Social Needs and Preaching

The Light
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A Baptist website suggests many in their ranks are saying that the age of the expository sermon is now past-avoid preaching from the Bible. In its place, some of their more con­temporary preachers now substitute messages intentionally designed to reach secular or superficial congrega­tions, messages which avoid preach­ing a Biblical text, and thus avoid a potentially embarrassing confronta­tion with Bible truth.

The Baptist site said the shift from Bible preaching to more topical and human-centered approaches has grown into a debate over the place of Scripture in preaching, and the nature of preaching itself.

You may remember the poetical saying we often quote, originating (I think) with a Puritan preacher named Baxter..."Preach as never sure to preach again, and as a dying man to dying men." This man understood that preaching is literally a life or death affair.

On the other hand, a preacher by the name of Harry Emerson Fosdick promoted that preaching is just personal counseling on a group basis.

For Baxter, the promise of heaven and the horrors of hell frame the preacher's consuming burden to preach. For Fosdick, the preacher is a kindly counselor offering helpful advice and encouragement. This is called "needs based preaching" in liberal circles. Focusing on so-called "perceived needs" allow these needs to set the preaching agenda rather than the Word of God, resulting in a loss of Biblical authority and Biblical content in the sermon. The Baptist writer said that this pattern is increas­ingly the norm in many Baptist pul­pits. Under the guise of an intention to reach men and women "where they are," preaching has been trans­formed into meeting social needs. Some verses of Scripture may be added to the mix, but sermons have become increasingly non-sermons, For a sermon to be genuinely Bibli­cal, the text must set the direction as the foundation of the message, not simply injected here and there as a sort of spiritual footnote-take it or leave it. Of course we preach what we observe to be needed, but secular and societal failings are often distant from spiritual needs. In either case, if related to spiritual matters at all, the Scriptures give us our foundation for addressing the need, and the sermon is developed from that.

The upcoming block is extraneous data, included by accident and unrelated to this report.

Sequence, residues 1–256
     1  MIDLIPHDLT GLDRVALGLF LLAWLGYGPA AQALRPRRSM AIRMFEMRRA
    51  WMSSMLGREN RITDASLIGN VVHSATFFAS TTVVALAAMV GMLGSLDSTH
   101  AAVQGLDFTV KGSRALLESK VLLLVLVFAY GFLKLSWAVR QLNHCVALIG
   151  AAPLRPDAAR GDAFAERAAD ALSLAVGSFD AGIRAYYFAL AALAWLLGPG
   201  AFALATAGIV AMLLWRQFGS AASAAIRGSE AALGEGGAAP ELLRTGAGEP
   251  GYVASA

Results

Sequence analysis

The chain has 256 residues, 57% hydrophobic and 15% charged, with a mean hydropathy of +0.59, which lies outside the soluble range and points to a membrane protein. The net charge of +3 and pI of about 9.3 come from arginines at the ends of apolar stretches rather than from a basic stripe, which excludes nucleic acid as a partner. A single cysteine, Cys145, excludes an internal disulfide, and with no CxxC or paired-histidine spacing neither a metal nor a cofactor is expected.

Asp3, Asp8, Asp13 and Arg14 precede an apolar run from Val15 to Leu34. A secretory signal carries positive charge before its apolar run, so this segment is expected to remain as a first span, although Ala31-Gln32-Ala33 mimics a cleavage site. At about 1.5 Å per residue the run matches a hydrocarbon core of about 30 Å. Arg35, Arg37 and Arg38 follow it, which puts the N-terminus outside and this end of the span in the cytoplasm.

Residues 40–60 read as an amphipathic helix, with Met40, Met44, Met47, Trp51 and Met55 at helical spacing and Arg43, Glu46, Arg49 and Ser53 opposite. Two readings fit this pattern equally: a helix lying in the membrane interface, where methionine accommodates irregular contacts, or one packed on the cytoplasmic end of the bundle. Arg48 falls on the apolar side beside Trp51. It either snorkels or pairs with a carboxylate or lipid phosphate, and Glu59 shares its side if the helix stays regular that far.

It was very interesting for me to have read a bit inserted about Charles Spurgeon related to the same social gospel. It was said that even he, so many years past, confronted the very same pattern of wavering pulpits. Some of the most fashionable and well-attended London churches fea­tured pulpiteers who were the precur­sors to modern needs-based preach­ers. Spurgeon, who preached to thou­sands despite his insistence on Bibli­cal preaching (as he understood it through Baptist glasses), was quoted as saying that, "The true ambassador for Christ feels that he himself stands before God and has to deal with souls in God's stead as God's servant, and stands in a solemn place, a place in which unfaithfulness is inhumanity to man, as well as treason to God."

Old time preaching had an urgent concern for the souls of the hearers, with the preacher fully aware of his accountability to God for preaching His Word, and His Word alone.

There is no more worthy thought for the preacher as he steps into the pulpit than, "I must preach as a dying man to dying men, never sure to preach again."